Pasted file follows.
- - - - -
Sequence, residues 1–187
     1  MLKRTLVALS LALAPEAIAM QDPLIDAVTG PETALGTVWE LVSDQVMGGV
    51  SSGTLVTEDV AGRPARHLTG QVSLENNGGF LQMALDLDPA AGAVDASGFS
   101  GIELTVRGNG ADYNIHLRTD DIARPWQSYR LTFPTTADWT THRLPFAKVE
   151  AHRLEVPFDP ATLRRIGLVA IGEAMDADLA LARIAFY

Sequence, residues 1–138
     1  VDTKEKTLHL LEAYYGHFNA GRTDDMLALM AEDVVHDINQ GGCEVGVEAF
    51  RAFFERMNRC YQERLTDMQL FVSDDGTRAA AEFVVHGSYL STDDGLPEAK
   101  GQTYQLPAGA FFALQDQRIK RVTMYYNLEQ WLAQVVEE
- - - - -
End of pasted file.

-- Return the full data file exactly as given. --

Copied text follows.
Sequence, residues 1–187
     1  MLKRTLVALS LALAPEAIAM QDPLIDAVTG PETALGTVWE LVSDQVMGGV
    51  SSGTLVTEDV AGRPARHLTG QVSLENNGGF LQMALDLDPA AGAVDASGFS
   101  GIELTVRGNG ADYNIHLRTD DIARPWQSYR LTFPTTADWT THRLPFAKVE
   151  AHRLEVPFDP ATLRRIGLVA IGEAMDADLA LARIAFY

Sequence, residues 1–138
     1  VDTKEKTLHL LEAYYGHFNA GRTDDMLALM AEDVVHDINQ GGCEVGVEAF
    51  RAFFERMNRC YQERLTDMQL FVSDDGTRAA AEFVVHGSYL STDDGLPEAK
   101  GQTYQLPAGA FFALQDQRIK RVTMYYNLEQ WLAQVVEE